Rugby World Cup tournament owners, Rugby World Cup Limited, and tournament organisers, England Rugby 2015, announced on Monday, October 12 that the pool stages of Rugby World Cup 2015 have already set both field-of-play and off-field engagement records, cementing its status as the biggest Rugby World Cup ever.
Key highlights from the tournament so far have included Wembley Stadium recording two consecutive Rugby World Cup attendance records, which now stands at 89,267 attendees, Japan claiming one of the biggest upsets in tournament history by defeating South Africa 34-32, Frederic Michalak becoming the highest points scorer in France’s history and Romania staging the biggest-ever comeback with their edge-of-seat win over Canada, coming from behind to win 17-15 and scoring their first try in 12 years in the process.
Over 2.41 million tickets have been sold across all 48 matches through official channels with an average of 97% of tickets sold across all venues, generating over £200 million in ticket revenues and delivering the tournament to a record number of spectators and viewers.
Rugby World Cup 2015 has welcomed just over 1.8 million fans to its official venues throughout the pool phase, over 750,000 at official Fanzones, with an estimated 460,000 fans travelling from overseas.
The Tournament has become one of the most talked about sports events in the world, with social media activity already exceeding that of the whole of New Zealand’s Rugby World Cup 2011. TV audience figures have already set the standard: 9.4 million fans watched the Opening Ceremony as the tournament got underway; a record TV audience of 25 million in Japan tuned in to watch their match against Samoa; the England v Wales match was watched by an average of 11.6 million viewers, the largest rugby audience in the UK since the 2007 final and the highest peak audience for a sporting event since the 2014 Football World Cup.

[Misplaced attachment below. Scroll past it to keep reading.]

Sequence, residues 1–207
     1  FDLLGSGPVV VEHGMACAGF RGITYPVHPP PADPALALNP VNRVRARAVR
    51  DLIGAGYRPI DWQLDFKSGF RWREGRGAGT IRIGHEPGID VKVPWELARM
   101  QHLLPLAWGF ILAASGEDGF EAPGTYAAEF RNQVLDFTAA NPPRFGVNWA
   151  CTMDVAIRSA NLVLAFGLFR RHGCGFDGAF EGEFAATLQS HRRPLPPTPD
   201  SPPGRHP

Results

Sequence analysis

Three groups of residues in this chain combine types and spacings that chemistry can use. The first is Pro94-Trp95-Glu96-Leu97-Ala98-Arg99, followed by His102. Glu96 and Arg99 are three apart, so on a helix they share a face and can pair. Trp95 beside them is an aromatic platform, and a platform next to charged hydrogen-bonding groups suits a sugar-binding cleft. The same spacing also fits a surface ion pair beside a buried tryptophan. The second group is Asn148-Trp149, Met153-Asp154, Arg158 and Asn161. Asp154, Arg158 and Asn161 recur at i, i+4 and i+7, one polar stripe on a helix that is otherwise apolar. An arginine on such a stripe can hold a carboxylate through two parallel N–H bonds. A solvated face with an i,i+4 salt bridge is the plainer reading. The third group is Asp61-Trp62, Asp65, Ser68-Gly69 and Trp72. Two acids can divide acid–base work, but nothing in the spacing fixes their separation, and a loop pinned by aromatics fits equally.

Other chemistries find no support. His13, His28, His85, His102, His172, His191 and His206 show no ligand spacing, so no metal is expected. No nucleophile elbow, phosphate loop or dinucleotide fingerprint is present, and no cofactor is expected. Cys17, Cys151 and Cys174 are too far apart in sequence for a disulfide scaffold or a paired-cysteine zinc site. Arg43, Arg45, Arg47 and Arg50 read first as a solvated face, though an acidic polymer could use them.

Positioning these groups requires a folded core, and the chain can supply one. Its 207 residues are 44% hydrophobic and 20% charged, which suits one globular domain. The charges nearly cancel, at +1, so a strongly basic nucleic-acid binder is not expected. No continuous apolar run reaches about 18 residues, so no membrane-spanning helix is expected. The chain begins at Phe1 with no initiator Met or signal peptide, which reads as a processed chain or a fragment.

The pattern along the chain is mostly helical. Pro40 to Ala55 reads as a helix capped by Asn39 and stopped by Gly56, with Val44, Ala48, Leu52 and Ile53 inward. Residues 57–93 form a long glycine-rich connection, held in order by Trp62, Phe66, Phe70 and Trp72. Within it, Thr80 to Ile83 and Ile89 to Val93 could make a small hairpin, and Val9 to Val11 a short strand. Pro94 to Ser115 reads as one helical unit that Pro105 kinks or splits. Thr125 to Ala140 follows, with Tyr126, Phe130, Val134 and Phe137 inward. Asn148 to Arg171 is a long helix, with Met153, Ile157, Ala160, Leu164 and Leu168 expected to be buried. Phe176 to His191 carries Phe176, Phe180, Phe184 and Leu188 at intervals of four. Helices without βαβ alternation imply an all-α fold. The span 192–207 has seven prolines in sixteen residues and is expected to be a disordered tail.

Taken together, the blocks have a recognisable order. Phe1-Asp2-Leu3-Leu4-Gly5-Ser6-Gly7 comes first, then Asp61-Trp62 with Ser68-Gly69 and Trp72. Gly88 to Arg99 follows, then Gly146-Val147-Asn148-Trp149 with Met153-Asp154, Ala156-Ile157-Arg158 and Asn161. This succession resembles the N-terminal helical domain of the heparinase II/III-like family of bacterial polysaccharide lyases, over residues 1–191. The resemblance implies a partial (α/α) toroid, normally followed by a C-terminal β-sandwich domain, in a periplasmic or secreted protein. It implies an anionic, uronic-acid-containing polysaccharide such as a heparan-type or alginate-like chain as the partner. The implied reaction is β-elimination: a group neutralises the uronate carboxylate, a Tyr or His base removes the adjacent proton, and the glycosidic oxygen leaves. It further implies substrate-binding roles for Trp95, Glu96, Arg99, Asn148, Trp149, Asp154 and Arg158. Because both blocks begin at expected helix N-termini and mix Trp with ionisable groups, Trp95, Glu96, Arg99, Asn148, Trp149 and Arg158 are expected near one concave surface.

England Rugby 2015 Managing Director Stephen Brown, said: “All our host cities, venues and team bases have played a phenomenal role in contributing to the success of the tournament so far. The stadiums have welcomed just over 1.8 million spectators and the Fanzones have welcomed over 750,000 fans through their doors. Japan’s stunning victory over South Africa in Brighton is just one example of the spectacular atmosphere of the matches up and down the country and the enthusiasm of fans, which will go down in history.”
“These venues’ passion for the game has ensured this has already been more than just a tournament, and has captured the imagination of new fans the world over. Around the country the Festival of Rugby, a way for any event with a link to rugby to be part of the game’s biggest year, has engaged with over a million people and nearly 1000 events, further spreading the reach of this fantastic tournament,” Mr Brown said.
Twickenham Stadium and Millennium Stadium will both host the series of knock-out matches and The Stadium, Queen Elizabeth Olympic Park will welcome the teams taking part in the Bronze Final.
Home from home
Throughout the pool phase, the 20 teams have been hosted at 42 team bases across England and Wales, providing them with top class sporting facilities. Eight of the 42 team bases will be used during the knock-out stages, with all eight used for the quarter-finals, four for the semi-finals, and two each for the Bronze Final and Final. See below for the details on the knock-out stage team bases.
France will be based at Celtic Manor and Newport
New Zealand will be based at Swansea University
Argentina will be based at The Vale Resort
Ireland will be based at Sport Wales National Centre
South Africa will be based at Pennyhill Park
Scotland will be based at Surrey Sports Park
Australia will be based at The Lensbury and St Mary’s University
Wales will be based at London Irish RFC
Pennyhill Park, Surrey Sports Park, the Lensbury and St Mary’s University, and London Irish RFC will be used for the semi-finals. Team Bases for the Finals are to be confirmed.